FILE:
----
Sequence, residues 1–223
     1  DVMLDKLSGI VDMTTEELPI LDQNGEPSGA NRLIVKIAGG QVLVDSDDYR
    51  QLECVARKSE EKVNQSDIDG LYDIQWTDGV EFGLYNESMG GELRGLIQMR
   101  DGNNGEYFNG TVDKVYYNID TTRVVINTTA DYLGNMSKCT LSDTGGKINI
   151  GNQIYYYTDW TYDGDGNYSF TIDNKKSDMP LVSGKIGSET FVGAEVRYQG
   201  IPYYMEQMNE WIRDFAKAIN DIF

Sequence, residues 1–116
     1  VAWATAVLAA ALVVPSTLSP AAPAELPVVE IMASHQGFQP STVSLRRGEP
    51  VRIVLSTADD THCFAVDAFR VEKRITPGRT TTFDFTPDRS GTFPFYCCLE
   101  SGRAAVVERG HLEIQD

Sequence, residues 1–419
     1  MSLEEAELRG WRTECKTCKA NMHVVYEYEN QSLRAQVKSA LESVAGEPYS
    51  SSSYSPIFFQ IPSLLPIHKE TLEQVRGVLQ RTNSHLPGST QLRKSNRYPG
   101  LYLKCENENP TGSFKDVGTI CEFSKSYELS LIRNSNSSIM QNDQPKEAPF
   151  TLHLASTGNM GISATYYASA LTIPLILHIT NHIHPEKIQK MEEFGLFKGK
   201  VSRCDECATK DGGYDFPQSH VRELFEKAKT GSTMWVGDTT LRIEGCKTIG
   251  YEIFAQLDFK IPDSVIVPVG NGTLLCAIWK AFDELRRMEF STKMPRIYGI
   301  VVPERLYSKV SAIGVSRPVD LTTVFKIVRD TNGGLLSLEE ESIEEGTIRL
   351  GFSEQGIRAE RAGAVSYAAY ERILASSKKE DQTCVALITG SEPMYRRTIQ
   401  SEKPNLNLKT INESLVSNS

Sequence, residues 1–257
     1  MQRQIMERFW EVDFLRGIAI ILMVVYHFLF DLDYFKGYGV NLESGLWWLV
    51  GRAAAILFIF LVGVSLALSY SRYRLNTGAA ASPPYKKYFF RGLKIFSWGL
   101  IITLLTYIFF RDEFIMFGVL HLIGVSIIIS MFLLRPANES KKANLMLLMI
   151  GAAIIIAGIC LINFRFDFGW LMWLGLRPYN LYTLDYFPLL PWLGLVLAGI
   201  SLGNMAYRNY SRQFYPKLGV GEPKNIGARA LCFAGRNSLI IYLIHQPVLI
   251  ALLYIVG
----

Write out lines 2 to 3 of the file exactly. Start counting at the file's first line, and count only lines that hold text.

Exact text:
     1  DVMLDKLSGI VDMTTEELPI LDQNGEPSGA NRLIVKIAGG QVLVDSDDYR
    51  QLECVARKSE EKVNQSDIDG LYDIQWTDGV EFGLYNESMG GELRGLIQMR